Job hopping or just avoiding Daleks?

Published: 15th May 2017

"I've never done one job for three years. This is the first time I've done this and I feel it's time for me to move on to different challenges."  Those were the words of Dr Who (or at least the actor Peter Capaldi) as quoted by the BBC in his explanation as to why he had decided to step away from the TV series... and if you are being chased by Daleks all the time, who could blame you for moving on? But what does this mean for the rest of us who encounter far less intergalactic danger in our day-to-day lives?

Every one of our Consulting Team will have had the "Hmmm, I'm not sure about this CV... they seem to have had a lot of jobs" client feedback to one of our shortlists, but the reality is that this subject is much more complicated than a simple 'jobs per decade formula' that seems to fixate some organisations.

An increase in professional interims is an example where, by definition, experience is made up of a series of often challenging assignments in different organisations, and our work tells us that there is less of a binary distinction between the world of interims and permanent workers. Indeed, since the recessionary period, many people are choosing to have periods of interim management assignments in between periods of permanent employment, resulting in CVs becoming more complex and having less of what used to seen as a typical sequential or narrative flow up through the levels of seniority.  Additionally, a 15 year period with the same business on someone's CV often hides 5 or 6 different roles which are in effect completely new jobs in their own right - is this any less valuable experience? Obviously not I would suggest.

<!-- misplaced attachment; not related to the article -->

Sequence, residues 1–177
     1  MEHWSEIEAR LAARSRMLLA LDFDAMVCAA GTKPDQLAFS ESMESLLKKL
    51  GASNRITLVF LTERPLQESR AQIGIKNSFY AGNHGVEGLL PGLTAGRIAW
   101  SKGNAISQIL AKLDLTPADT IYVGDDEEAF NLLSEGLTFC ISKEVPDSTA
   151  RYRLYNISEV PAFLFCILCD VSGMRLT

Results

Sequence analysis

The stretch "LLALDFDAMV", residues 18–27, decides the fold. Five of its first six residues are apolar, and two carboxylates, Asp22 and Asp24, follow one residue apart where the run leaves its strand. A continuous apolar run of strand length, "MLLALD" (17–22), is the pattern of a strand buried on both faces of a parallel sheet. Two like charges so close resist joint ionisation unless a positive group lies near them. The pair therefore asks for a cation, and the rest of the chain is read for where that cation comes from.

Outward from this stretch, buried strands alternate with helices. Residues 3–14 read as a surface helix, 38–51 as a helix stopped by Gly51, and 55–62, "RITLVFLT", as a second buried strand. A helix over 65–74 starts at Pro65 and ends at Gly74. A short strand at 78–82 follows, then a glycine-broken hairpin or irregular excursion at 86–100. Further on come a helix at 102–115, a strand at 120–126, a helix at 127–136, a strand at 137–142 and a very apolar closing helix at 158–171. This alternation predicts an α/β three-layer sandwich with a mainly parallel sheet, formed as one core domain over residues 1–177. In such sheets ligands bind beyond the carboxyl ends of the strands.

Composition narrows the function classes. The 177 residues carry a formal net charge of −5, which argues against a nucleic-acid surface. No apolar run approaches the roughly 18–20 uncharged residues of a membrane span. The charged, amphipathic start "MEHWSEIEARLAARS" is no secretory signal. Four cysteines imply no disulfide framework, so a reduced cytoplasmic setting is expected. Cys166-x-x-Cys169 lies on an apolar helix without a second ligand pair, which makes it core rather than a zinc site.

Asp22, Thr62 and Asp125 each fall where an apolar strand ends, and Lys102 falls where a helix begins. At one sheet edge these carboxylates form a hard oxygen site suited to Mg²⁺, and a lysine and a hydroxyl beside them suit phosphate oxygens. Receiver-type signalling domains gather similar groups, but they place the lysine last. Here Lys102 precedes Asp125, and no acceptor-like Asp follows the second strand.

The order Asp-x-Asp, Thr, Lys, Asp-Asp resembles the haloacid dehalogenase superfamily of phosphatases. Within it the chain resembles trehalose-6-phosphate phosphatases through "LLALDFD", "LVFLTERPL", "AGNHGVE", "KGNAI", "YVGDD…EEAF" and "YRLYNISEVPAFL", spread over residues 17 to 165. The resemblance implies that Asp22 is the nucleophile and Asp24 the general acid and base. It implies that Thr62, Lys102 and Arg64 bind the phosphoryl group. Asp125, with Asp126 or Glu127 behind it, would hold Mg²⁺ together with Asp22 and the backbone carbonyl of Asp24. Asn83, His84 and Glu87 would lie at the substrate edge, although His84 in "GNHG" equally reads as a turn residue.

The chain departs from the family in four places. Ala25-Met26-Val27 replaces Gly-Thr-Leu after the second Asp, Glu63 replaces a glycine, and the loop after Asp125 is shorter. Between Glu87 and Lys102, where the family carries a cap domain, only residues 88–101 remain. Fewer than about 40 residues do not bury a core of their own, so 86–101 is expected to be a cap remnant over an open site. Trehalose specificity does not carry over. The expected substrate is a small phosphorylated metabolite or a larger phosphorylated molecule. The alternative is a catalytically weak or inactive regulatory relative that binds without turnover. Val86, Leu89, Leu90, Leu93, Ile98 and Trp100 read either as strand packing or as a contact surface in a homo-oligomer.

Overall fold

Generational changes are also having an impact.  The increasing number of Millennials in the workplace is leading to a trend of shorter tenures in employment. Indeed, the US Department of Labor suggests that those currently in high school are likely to have between 10 and 14 jobs by the time they are 38 years old which, even to those of us that have been around in the recruitment industry for two decades, seems quite a shift.

The real answer to the "How often should I change jobs?" question is obviously dependant on your personal view point and what is important to you. The question almost implies and universal acceptance of unashamed ambition - which is obviously not the case. But for those that do ask themselves this question, my view is a simple balance of three factors -  1) If your human capital (skills and experience) is increasing in value, 2) Your investment of your human capital in an employer is appropriately rewarded and 3) The environment in which you work is aligned to your values, then you are very likely in the right place right now. If one of those three is not working for you then it might time to consider your options. Oh... and perhaps a fourth factor might be the probability of encountering Daleks every day.